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Published: Tuesday, 9/24/2013 - Updated: 1 year ago

George M. Taoka, [1916-2013]; UT prof endured relocation in WWII

BY MARK ZABORNEY
BLADE STAFF WRITER
Taoka Taoka
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George M. Taoka, a professor emeritus of international business at University Toledo, who was interned with his wife and other Japanese Americans during World War II until he found refuge, and opportunity, at the university, died Saturday in Swan Creek Retirement Village. He was 97.

He was in failing health only recently, his son, Garret, said.

For more than 40 years, Mr. Taoka taught courses on international business, economics, and trade at UT.

“His generation was more interested in imparting knowledge to the student,” his son said. “His generation wasn’t so worried about publishing or getting tenure or money. He just put his heart and soul into it, and they learned.”

Students felt free to call Mr. Taoka at home and ask questions or just talk.

“I think he was a pure academic. He felt education was the most important thing you could do for yourself,” his daughter, Mari, said.

He was born April 20, 1916, in Watsonville, Calif., to Yukino Koda and Takaji Taoka. He was a graduate student at Stanford University when Japanese planes attacked Pearl Harbor on Dec. 7, 1941. By mid-1942, he and his wife, Matsuye, had been removed to the Santa Anita race track. By October, they were sent to the Heart Mountain relocation center near Cody, Wyo., each family assigned barracks heated only by a pot-bellied stove.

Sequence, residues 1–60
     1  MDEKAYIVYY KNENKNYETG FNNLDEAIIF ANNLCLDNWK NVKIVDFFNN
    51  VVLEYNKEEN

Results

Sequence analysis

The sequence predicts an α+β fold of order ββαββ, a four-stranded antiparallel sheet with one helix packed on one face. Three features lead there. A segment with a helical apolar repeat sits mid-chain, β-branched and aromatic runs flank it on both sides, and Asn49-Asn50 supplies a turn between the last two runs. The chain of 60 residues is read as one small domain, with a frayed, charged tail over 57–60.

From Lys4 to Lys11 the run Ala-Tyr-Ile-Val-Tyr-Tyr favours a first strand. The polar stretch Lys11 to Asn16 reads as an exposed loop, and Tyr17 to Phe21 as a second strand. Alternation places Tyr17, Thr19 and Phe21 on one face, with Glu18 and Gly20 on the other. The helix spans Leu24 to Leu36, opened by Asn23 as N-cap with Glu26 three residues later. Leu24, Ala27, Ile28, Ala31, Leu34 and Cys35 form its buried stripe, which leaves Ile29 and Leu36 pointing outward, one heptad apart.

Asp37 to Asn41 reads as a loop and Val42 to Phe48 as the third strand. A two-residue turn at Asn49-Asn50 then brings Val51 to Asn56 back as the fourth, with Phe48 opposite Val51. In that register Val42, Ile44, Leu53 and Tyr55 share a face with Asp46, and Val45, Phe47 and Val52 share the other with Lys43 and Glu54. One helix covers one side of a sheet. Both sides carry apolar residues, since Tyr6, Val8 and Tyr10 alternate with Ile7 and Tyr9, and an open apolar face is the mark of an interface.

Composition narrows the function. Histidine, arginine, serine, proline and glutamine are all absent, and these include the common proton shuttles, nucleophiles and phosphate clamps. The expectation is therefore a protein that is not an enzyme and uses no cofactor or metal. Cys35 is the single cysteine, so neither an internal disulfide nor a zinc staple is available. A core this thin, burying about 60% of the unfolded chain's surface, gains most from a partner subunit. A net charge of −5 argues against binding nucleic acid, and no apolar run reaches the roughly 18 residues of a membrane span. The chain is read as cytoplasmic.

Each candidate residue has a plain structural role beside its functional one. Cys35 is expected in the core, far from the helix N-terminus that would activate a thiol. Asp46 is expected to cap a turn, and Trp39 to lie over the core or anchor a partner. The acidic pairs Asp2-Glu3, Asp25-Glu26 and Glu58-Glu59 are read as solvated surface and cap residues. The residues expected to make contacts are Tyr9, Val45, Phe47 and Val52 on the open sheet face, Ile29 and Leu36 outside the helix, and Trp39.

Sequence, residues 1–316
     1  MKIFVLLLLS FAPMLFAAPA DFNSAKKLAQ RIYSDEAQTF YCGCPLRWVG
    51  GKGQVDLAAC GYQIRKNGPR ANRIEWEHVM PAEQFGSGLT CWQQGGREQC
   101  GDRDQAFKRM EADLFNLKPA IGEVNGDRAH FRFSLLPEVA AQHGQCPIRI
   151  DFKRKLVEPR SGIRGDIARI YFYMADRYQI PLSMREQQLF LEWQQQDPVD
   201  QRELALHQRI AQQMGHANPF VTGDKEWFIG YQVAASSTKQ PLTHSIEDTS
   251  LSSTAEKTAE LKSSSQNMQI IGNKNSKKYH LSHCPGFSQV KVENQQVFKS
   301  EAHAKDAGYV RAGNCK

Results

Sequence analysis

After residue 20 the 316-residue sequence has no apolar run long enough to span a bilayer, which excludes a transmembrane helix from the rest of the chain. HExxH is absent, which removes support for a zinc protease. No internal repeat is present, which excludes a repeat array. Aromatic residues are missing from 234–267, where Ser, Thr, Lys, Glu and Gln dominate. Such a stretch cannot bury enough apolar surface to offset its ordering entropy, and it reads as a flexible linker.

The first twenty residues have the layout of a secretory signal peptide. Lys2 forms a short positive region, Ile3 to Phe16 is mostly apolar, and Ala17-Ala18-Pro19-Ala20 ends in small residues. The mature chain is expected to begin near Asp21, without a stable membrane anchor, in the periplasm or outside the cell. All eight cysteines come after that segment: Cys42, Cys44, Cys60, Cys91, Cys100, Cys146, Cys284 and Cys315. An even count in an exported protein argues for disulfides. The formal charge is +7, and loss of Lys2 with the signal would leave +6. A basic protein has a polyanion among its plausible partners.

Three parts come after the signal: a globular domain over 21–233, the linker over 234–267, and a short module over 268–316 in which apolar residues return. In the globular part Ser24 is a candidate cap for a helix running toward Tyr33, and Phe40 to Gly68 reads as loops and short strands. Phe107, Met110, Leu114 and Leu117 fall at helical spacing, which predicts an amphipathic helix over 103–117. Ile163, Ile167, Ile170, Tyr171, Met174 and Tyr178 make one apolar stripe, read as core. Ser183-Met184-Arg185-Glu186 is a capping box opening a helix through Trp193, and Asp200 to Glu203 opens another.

He received his master's degree in absentia from Stanford. He applied to 15 schools to work on his doctorate. UT was the only place to accept him, though it had no doctoral program for him. The government issued a release order on New Year’s Eve, 1942.

“He was always very positive. He never held any grudges,” his son said. “He was thankful that Toledo accepted him. He was so positive about the whole thing.”

He enlisted in the Army in 1944 and, during the war, his duty was intelligence in the Pacific Theater. Afterward, he was part of the U.S.-occupying force in Japan. He retired from the Army Reserve as a major. He received his doctorate in 1948 from Columbia University.

He was an ardent golfer and had been a member of Heather Downs Country Club.

He and his first wife, Matsuye, married in 1942. She died June 11, 1979. He later married E. Jane Johansen, a UT mathematics professor. The couple were married 23 years when she died Jan. 25, 2003.

Surviving are his son, Garret Taoka; daughter, L. Mari Taoka; two grandchildren, and two step-grandchildren.

Memorial services will be at 3 p.m. Sunday in Christ Presbyterian Church, of which he was a charter member.

The family suggests tributes to UT’s college of business or the church.



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